LETTER: Asbestos bill would hurt veterans

A new proposal is currently making its way through the state Legislature to delay and deny justice to veterans and other victims who have been exposed to asbestos. Assembly Bill 19 and its Senate companion, Senate Bill 13, would shield corporations from liability and limit the rights of individuals suffering from diseases related to asbestos exposure.

According to the Wisconsin Military Order of the Purple Heart, AB 19 and SB 13 would be particularly harmful to veterans because mesothelioma, a deadly disease contracted from asbestos exposure, affects veterans at alarming rates.

During World War II, thousands of tons of asbestos were used in ship construction. Sailors were commonly exposed to asbestos that was used in pipe insulation and fireproofing. Members of the Marines and Army were exposed to asbestos products in their barracks, vehicles, and military installations. Korea and Vietnam veterans faced similar exposure to asbestos during their deployments.

When these men and women returned from their service, many were exposed to asbestos again in their civilian jobs as factory workers, maintenance technicians, or shipyard employees. While veterans represent 8 percent of the nation’s population, they make up 30 percent of all known mesothelioma deaths that have occurred in the U.S.

AB 19 and SB 13 are being opposed by many veterans and asbestos victim advocates. During the public testimony on these bills, leaders from the Military Order of the Purple Heart and the Wisconsin VFW testified that these bills would unfairly deny justice for veterans suffering from diseases related to asbestos exposure. Unfortunately, despite the concerns raised by veterans and asbestos victims, these bills continue to advance through the Republican-controlled Legislature.

I believe that we should be working to protect veterans and others who have been unknowingly exposed to dangerous working conditions. AB 19 and SB 13 would unfairly tip the scales in favor of large corporations who knowingly exposed veterans and other workers to harmful asbestos products.

Sen. Jennifer Shilling represents Wisconsin’s 32nd Senate District.

Continue at source:

LETTER: Asbestos bill would hurt veterans

Defenseless against Asbestos on Navy Ships

CHICAGO, Feb. 19, 2013 /PRNewswire-iReach/ — Stretching from World War II until the late 1970’s, members of the U.S. military, particularly the naval branch, were among those most affected by asbestos exposure. Asbestos was widely used for insulation purposes on a number of navy ships including aircraft carriers, destroyers, and transport vessels. Asbestos was used because of its remarkable strength, its fire resistant abilities, and its capacity to withstand massive amounts of heat. Since there was an abundance of heat-producing equipment aboard, asbestos was the perfect solution to alleviate the risk of potential fires in case of a malfunction or an attack.

During World War II asbestos helped the US military manufacture ships quickly, efficiently, and at a low cost. What the government and citizens didn’t realize were the dangers and health risks connected to asbestos exposure. Asbestos manufacturing companies knew of the hazards, but withheld the information from the government and sold the asbestos-containing products anyway.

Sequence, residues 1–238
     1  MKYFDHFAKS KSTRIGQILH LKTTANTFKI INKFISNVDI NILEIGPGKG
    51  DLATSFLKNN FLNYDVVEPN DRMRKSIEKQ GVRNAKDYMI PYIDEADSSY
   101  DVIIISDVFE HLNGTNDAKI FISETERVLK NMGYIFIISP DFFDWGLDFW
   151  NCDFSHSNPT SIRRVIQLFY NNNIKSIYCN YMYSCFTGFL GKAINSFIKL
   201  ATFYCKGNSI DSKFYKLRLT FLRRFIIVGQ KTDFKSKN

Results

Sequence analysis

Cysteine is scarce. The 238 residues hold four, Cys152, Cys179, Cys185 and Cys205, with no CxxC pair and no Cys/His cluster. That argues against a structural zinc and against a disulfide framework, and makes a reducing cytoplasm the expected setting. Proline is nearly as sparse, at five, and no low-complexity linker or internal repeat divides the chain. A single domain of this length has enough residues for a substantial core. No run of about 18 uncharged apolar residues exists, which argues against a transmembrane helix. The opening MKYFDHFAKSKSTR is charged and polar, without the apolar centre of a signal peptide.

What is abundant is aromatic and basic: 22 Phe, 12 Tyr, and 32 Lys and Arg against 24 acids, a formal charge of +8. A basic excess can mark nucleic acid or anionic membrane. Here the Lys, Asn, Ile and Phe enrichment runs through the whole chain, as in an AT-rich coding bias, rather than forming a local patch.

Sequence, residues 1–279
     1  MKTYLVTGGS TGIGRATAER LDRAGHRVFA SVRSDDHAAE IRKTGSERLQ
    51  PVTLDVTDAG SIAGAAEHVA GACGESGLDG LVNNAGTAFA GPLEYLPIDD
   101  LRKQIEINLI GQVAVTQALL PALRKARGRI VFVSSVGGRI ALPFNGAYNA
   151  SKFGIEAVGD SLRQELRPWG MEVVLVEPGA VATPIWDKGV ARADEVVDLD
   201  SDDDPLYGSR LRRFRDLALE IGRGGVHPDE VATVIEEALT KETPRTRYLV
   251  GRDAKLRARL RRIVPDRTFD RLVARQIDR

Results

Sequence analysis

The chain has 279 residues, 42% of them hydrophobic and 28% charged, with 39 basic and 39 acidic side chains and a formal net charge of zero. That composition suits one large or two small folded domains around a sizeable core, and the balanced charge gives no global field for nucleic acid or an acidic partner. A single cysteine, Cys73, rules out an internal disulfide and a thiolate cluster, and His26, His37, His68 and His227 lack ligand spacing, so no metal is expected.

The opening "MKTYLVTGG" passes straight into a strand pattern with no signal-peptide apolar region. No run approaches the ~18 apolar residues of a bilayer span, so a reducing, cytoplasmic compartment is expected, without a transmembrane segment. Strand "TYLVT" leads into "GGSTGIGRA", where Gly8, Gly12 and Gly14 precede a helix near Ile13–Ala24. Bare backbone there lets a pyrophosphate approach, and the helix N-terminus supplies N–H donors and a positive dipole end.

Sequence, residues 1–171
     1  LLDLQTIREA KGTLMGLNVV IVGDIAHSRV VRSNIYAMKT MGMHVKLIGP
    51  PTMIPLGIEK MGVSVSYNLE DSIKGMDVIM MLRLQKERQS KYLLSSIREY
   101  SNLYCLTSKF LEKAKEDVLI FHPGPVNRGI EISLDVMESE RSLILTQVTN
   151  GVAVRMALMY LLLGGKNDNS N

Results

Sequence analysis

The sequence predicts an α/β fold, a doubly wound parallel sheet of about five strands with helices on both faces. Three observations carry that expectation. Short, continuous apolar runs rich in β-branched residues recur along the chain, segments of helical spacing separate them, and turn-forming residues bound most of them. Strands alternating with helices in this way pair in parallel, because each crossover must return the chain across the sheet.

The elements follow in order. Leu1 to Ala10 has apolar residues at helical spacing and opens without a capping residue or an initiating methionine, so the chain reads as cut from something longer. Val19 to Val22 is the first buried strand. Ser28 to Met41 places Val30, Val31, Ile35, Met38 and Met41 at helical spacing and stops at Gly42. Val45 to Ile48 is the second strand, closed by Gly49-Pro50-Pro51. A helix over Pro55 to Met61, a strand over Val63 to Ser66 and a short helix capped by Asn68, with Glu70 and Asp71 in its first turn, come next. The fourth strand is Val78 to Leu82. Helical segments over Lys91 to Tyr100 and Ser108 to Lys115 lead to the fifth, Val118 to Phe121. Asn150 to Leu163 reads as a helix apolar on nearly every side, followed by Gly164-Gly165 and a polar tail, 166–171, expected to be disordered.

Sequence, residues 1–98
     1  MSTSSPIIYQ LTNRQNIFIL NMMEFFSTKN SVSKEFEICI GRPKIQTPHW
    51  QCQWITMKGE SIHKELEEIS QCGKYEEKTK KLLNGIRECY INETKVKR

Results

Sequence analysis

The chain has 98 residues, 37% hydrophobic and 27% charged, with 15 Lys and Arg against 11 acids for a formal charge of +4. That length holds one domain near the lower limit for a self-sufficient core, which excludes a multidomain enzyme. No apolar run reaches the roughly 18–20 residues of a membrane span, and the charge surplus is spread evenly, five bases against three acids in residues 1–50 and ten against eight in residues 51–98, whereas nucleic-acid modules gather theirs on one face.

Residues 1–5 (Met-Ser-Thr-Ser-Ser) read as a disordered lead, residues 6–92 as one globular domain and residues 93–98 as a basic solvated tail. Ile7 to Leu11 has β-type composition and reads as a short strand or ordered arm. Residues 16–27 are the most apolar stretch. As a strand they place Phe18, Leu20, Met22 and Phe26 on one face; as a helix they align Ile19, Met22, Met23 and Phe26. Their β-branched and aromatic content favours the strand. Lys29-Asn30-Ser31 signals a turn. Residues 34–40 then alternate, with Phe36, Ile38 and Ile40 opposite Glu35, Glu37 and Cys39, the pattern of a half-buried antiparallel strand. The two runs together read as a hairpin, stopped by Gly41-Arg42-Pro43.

Everyone onboard was exposed to asbestos. Once asbestos is damaged in any way it’s easily breakable or ‘friable’. The tight spaces and lack of proper ventilation left all naval personnel defenseless against the millions of asbestos fibers released into the air. However, some occupations were exposed more than others including: boiler workers, pipefitters, insulators, plumbers, welders, electricians, machinists, and engineers. Asbestos was mainly used in the boiler and engine rooms. However, it was also used to insulate piping systems which were found and exposed throughout the entire ship including the galley and the sleeping quarters.

Additionally, those who were involved with repairing navy vessels in shipyards were also exposed to asbestos. These individuals were constantly exposed due to the high concentrations of asbestos fibers in damaged and war-torn ships.

Statistics show that military personnel, including shipyard workers, who served during the 1940’s to the late 1970’s are at a higher risk of developing mesothelioma than any other occupation. Many of the ships that contained asbestos during World War II were still in service throughout the 1970’s. Removing asbestos from discontinued vessels put workers and veterans at risk since parts of the ships were often sold or used in other military branches, which again lead to additional asbestos exposure.

Asbestos doesn’t expire. In fact, it gets worse with age. If you’re a veteran or know of any veteran’s who have been exposed to asbestos and have an asbestos related disease such as mesothelioma, legal help is available to receive compensation for your medical bills and emotional strain. Contact an attorney today to know your options.

If you or a family member has been diagnosed with mesothelioma or another asbestos related disease due to exposure during your military service or on the job, you may have grounds for a legal claim. The Chicago mesothelioma lawyers of Cooney and Conway can provide you with a free consultation to discuss your case.

Sources: 
http://www.publichealth.va.gov/exposures/asbestos/index.asp 

Media Contact: Ali Hayes Cooney & Conway, 312-436-2439, mainDesk@cooneyconway.com

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Originally posted here – 

Defenseless against Asbestos on Navy Ships